From the defense’s standpoint, which are more onerous: restrictions on lawyers in civilian terrorism cases or restrictions used in military commissions?
Accused Boston Marathon bomber Dzhokhar Tsarnaev is currently challenging Special Administrative Measures (SAMs) imposed on him and his attorneys; … Read more »
Americans vacillate over national security and government power. We want an effective intelligence community, but we do not want too much surveillance or collection. We want to rein in the NSA, but we also wax outraged when the intelligence community … Read more »
On Monday, accused Boston Marathon bomber Dzhokhar Tsarnaev filed his reply to the government’s response to his motion to vacate special administrative measures (SAMs) imposed on him and his attorneys. In his filing, Tsarnaev rejects the government’s claim that the … Read more »
I was on the same panel as Orin at Monday’s day-long hearing before the Privacy & Civil Liberties Oversight Board, and think there’s a lot to commend his proposal for a statutory rule of lenity as a tool to … Read more »
Edward Snowden’s disclosures and subsequent government declassifications have prompted a wave of proposals to retool the Foreign Intelligence Surveillance Act (“FISA”). Some of these proposed revisions are new; others merely reprise older ideas which were put forward earlier in Congress, … Read more »
Voice of America is reporting that the U.S. Embassy in Jakarta (like the U.S. Embassy in Berlin) was apparently used by the NSA for spying on President Susilo Bambang Yudhoyono. Indonesia is seeking an explanation from the United States. It … Read more »
United States privacy law traditionally has only protected the privacy of those in the United States and U.S. citizens abroad. Over at Just Security, David Cole argues that this should change. Privacy is a human right, he argues, and … Read more »
Last Monday, the government filed its response to accused Boston Marathon bomber Dzhokhar Tsarnaev’s motion to vacate the special administrative measures (SAMs) imposed on him and his attorneys. (We previously described the measures and Tsarnaev’s challenge here.) In essence, … Read more »
The Justice Department recently changed its policy on notice to criminal defendants about the use of evidence derived from surveillance under Section 702 of FISA. Press reports have treated the change as momentous, with the New York Times and the … Read more »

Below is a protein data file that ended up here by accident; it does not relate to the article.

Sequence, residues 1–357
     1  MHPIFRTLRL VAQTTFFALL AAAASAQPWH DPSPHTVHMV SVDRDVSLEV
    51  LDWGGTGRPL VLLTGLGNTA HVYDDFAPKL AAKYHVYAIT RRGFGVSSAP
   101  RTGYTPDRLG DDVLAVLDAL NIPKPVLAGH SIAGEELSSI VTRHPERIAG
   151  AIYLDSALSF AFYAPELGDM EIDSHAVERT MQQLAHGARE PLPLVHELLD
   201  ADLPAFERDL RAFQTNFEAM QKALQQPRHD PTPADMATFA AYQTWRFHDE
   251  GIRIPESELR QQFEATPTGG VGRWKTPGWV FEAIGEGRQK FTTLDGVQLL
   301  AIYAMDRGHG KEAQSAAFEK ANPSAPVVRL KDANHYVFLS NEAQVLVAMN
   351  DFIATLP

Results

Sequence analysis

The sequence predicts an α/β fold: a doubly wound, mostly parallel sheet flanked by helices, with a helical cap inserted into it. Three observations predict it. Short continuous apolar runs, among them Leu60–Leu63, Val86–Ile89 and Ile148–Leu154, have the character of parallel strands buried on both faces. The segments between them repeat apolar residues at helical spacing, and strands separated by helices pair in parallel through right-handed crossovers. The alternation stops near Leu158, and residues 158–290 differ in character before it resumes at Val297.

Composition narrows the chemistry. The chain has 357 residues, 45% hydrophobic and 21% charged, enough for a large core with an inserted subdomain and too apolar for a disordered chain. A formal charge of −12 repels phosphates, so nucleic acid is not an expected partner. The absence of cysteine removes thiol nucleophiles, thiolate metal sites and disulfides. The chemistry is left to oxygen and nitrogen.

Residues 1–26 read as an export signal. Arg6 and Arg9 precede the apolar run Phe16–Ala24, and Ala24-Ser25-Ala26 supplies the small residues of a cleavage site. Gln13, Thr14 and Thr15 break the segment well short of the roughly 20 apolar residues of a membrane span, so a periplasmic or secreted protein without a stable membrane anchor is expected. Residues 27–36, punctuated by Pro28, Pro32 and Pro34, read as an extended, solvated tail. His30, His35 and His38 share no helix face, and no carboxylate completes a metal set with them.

The “NSA Affair” still commands German headlines. Over the weekend, the news was dominated by the fit-for-a-spy-novel revelations that the top floor of the U.S. Embassy on Pariser Platz (overlooking the Brandenburger Tor and the Reichstag) apparently housed equipment and … Read more »
Last Wednesday, accused Boston Marathon bomber Dzhokhar Tsarnaev filed a motion to vacate special administrative measures (SAMs) imposed on him and his attorneys. In his motion, Tsarnaev argues that the government has not alleged facts sufficient to justify the measures—essentially … Read more »
Hilary Mantel is justly famous for Wolf Hall and Bring Up the Bodies (Wolf Hall, Book 2), a pair of extraordinary books observing the kingship of Henry VIII through the lens of a richly-conceived version of Thomas Cromwell. But … Read more »
Mark Klamberg of Uppsala University Department of Law in Sweden writes in with the following guest post on European laws governing metadata collection and how it compares with U.S. law on the subject. It’s a very interesting comparison:
… Read more »
The following is my my prepared statement for today’s hearing of the Senate Select Committee on Intelligence. The hearing, which is beginning at this hour, concerns reform of the Foreign Intelligence Surveillance Act.
Thank you, Chairman Feinstein, Vice Chairman … Read more »
I was honored to moderate a panel at Georgetown Law on Constitution Day, entitled “A Constitutional Conversation: The Foreign Intelligence Surveillance Act in a Digital Era.”
The panel, composed of Georgetown Law Professors Carrie Cordero, Laura Donohue, and Marty Lederman, … Read more »
In describing Hatim v. Obama (the D.C. Circuit Guantánamo appeal in which the government filed its opening brief on Friday) as the “counsel access” case, Raff has hit the nail on the head. Although the appeal involves the district … Read more »
The central theme of Carrie’s post critiquing proposals for FISA reform appears to be that there are already too many lawyers and too much oversight of how the NSA conducts “foreign intelligence surveillance,” and so any proposals to increase these … Read more »
During his press conference today (transcript here), President Obama announced a quartet of reform initiatives meant to enhance the credibility and legitimacy of NSA activities and the FISA system, both of which have come under heavy pressure thanks to … Read more »
With the current controversies over the NSA’s surveillance programs, I want to return to broader issues about how to think about the role of courts in the national-security area.
In this area, government typically tends to be exceptionally resistant to … Read more »
A big hearing is taking place this morning at 9am before the Senate Judiciary Committee. Media report that the Verizon order will be declassified at this hearing.
Catch it live at the Committee’s website, or over at C-SPAN.… Read more »